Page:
5 Benefits Of Strength Training For Endurance

How Can Strength Training Help?

For most endurance athletes the benefits of strength training are outweighed by the fear of gaining too much bulk, loss of flexibility and diminished “feel” of their sport.

5 Benefits Of Strength Training For Endurance

Let’s get one thing clear right now, strength training for endurance athletes is not about developing a ‘beach body’ or turning you into a muscle bound hulk. I can promise you that getting down to the gym to strength train for two or three times a week will make you stronger in your event (running, cycling, swimming, adventure racing). I’ve worked with enough endurance athletes to know that a good strength training programme will not only make you stronger and faster but will help you to remain injury free.

Still not convinced? Here’s the top 5 training benefits that can be yours in exchange for just two to three short strength training sessions each week.

1. Increased power output – the fastest person wins the race, right. To be fast you need to be powerful. To be powerful you need to be able to generate force. So it doesn’t matter if you are splashing around in a pool or running the streets, you need to be able to put down more power which will translate to higher speeds on the tarmac or in the pool.

2. Power up those hills – if you are a runner you will know that there’s no such thing as a fast flat course and if you want to see how a race can be won or lost on the hills watch a clip of Fraser Cartmell destroying Stephen Bayliss on the final hill in an Ironman 70.3 event.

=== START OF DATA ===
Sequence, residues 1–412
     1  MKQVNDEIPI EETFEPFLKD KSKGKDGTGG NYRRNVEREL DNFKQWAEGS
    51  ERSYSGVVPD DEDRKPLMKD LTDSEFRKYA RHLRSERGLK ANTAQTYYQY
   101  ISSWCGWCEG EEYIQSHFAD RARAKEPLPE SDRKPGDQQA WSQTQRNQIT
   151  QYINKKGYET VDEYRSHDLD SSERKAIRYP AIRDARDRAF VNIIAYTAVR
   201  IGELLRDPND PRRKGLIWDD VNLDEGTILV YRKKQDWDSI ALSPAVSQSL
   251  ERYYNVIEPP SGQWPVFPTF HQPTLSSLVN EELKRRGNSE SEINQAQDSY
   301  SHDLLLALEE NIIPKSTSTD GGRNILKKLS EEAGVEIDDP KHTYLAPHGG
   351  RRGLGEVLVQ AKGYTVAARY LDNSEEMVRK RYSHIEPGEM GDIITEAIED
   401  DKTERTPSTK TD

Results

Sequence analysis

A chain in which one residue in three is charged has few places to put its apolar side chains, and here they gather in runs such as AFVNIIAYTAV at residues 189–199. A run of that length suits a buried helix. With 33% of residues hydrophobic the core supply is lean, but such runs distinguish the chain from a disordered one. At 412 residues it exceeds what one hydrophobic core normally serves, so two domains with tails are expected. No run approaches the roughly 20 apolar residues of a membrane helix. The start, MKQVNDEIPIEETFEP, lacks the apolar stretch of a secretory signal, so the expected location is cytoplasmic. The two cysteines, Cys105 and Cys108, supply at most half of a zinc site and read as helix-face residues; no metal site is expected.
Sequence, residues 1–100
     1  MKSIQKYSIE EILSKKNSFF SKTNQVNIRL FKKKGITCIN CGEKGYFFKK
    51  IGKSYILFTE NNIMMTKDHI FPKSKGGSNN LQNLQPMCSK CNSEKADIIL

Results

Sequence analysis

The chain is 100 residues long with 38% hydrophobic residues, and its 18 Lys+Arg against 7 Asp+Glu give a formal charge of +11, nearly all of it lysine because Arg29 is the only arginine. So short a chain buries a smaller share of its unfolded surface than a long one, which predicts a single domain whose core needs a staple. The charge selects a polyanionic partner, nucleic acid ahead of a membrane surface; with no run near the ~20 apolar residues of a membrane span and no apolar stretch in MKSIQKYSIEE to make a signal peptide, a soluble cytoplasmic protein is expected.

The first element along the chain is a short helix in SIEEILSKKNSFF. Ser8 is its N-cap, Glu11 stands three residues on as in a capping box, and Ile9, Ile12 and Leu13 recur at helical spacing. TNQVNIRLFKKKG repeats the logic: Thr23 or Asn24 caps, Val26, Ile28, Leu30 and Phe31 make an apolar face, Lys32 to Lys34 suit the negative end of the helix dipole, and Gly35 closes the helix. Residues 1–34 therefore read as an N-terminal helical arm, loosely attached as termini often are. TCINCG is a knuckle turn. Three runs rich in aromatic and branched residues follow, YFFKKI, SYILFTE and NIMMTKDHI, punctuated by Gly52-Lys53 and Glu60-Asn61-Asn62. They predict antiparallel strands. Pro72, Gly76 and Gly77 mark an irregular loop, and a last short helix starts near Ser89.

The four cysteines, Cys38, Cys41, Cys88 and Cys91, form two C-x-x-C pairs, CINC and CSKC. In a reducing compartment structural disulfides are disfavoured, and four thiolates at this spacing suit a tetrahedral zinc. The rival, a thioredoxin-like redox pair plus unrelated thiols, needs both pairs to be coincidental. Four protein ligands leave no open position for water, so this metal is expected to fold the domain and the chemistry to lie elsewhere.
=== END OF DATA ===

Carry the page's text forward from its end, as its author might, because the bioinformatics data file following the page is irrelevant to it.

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3. Increase the strength of your swim stroke – maybe running and cycling isn’t your thing but by simply developing increased strength levels you’ll be able to grab hold of the water and pull yourself through and watch how your stroke count drops.

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4. Improved endurance – we don’t all have lungs like dustbin liners and hearts to match so there will be genetic limitations as to how much you can improve your aerobic capacity. Strength training will improve your muscular strength and endurance helping you become more efficient, which means you will be able to work at a higher percentage of your aerobic capacity for longer. Become efficient at what you do.

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5. Banish those aches and pains – strength training will improve your gross athleticism making you a more robust athlete, allowing you to withstand the training demands placed on your body and helping you steer clear of injuries. I ran a clinic recently for runners and every single runner had been injured or had an injury….actually that’s not correct, one lady wasn’t injured but she had only taken running up 2-weeks before the clinic (only a matter of time then!). Same goes for cyclists with knackered knees and backs and swimmers with shoulders that are constantly pulsating with pain.

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About Nick Grantham 4 Articles

The early years

Born in Crawley in 1972, I am the baby of the family, the youngest of three and my brothers still think I’m the smallest – I don’t think I started growing until I was 15!

Enthusiasm compensating for a lack of talent, sport played a prominent role in my early life – athletics, football and rugby the big three until, in 1989, I discovered Taekwon-do, at which I competed internationally until 1997.